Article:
After retiring from his chosen profession, Lunday and his wife, Maggie, relocated to Mineola. They were active in a variety of social and service organizations. In retirement, Lunday came to know that a couple of fellow barbershoppers met every Monday morning at McDonalds for coffee. 

It was at one of these coffees that Lunday became aware of an interest in re-establishing the defunct Tyler chapter. Leadership was being sought to get it off the ground. After brief consideration, Lunday stepped up to the task. 

He recalled, “We had gotten the word out through word of mouth and had 37 singers at that first meeting in 2006.”

While establishing the Tyler chapter, Lunday came to know another highly influential man in his life. Renowned Tyler doctor Stan Borum served as chorus director of the chapter.

With Lunday working as chapter president and Borum as director, the chapter flourished.

“We had an agreement,” Lunday laughed, “He didn’t tell me how to run the chapter and I didn’t tell him how to lead the chorus.” 

Borum, who Lunday described as “the most wonderful man I had ever met,” passed away in 2009.

The Tyler chapter, known as East Texas Men in Harmony, remains incredibly active, drawing barbershoppers from Avenger to Lufkin. A long-term relationship was established with Green Acres Baptist Church in Tyler where the group holds their meetings and practice sessions.

As Lunday explained, “We weren’t a Christian organization, but we were.”

Due to chronic hearing loss, Lunday removed himself from the organization about five years ago.

“I had to retire before they heard me sing out of tune,” he shared with a smile. 

Lunday has been the recipient of three top awards within the world of barbershop quartets. In 1976 he earned designation as the Barbershopper of the Year at the Town North (Dallas) Chapter of the Society, and in 1980 he was recognized for his service as president of the Southwest District. His years of service to the organization led to his 2014 election into the Barbershop Harmony Society Hall of Fame.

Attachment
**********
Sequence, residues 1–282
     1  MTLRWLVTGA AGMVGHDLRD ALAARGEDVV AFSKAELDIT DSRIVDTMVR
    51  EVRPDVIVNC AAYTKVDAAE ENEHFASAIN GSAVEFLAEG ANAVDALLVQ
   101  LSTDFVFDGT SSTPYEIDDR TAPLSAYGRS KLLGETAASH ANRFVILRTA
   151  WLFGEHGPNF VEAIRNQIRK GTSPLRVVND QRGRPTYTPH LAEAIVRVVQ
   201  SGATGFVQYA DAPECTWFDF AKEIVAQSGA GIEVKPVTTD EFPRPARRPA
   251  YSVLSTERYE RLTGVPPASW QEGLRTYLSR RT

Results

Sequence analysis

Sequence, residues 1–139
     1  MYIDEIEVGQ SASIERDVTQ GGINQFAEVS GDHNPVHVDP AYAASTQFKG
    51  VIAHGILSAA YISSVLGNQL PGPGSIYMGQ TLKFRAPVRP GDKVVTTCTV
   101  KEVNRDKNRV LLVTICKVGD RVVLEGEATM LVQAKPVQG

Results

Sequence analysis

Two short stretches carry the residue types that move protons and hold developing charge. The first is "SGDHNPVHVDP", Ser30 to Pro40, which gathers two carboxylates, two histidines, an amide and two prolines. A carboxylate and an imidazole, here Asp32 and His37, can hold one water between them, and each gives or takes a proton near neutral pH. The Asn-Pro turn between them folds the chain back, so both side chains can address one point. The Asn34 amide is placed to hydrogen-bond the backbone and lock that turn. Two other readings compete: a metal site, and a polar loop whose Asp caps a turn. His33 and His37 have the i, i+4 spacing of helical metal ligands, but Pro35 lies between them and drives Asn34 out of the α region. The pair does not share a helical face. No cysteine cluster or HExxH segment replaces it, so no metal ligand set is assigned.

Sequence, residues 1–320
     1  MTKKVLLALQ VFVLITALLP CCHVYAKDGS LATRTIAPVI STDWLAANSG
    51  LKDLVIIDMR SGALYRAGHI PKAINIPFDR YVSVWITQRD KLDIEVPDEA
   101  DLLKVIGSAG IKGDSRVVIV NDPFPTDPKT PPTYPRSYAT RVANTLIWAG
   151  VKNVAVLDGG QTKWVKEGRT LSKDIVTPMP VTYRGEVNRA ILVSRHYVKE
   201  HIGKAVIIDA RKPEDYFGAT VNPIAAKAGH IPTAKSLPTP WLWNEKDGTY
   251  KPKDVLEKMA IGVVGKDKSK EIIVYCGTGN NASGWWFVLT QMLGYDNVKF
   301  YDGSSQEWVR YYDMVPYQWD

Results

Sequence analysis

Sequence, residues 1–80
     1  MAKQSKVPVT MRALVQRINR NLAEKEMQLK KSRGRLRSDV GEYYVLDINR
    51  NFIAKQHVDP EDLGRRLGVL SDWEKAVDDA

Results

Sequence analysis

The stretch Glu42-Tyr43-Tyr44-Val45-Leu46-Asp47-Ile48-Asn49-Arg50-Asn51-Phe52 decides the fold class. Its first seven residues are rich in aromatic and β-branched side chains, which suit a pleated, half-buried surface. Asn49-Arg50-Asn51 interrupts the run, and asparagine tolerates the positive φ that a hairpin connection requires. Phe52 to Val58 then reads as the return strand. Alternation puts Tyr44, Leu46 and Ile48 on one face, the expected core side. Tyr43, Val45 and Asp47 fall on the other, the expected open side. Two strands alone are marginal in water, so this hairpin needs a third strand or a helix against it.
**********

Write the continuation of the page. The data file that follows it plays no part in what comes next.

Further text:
The three certificates and a plaque are precisely aligned on the wall of his home office. Lunday obviously draws great solace and comfort from a lifetime of memories from singing in a chorus and in quartets.

“I have been a member of what is now called the Barbershop Harmony Society for 68 years,” he stated.

Lunday is confident about the future of the society. He explained how people respond to the wholesomeness and iconic nature of barbershopping.

“We were G-rated before there were any ratings.” he advised, “We sing good-feeling songs and people respond to that.”

As Lunday explained the individual roles of a barbershop quartet – the lead, the tenor, the bass and the baritone – he took the time to explain how the most important role was the baritone. It was from the baritone, he said, that the others modulate their tone. 

With a lifetime of achievement and service, it is clear that Lunday himself has served as the “baritone” for the Barbershop Harmony Society for a long time. A discussion with Lunday about the larger perspectives of life discloses that his steady approach to living, with all the joy and grief that it brings, is truly wise counsel.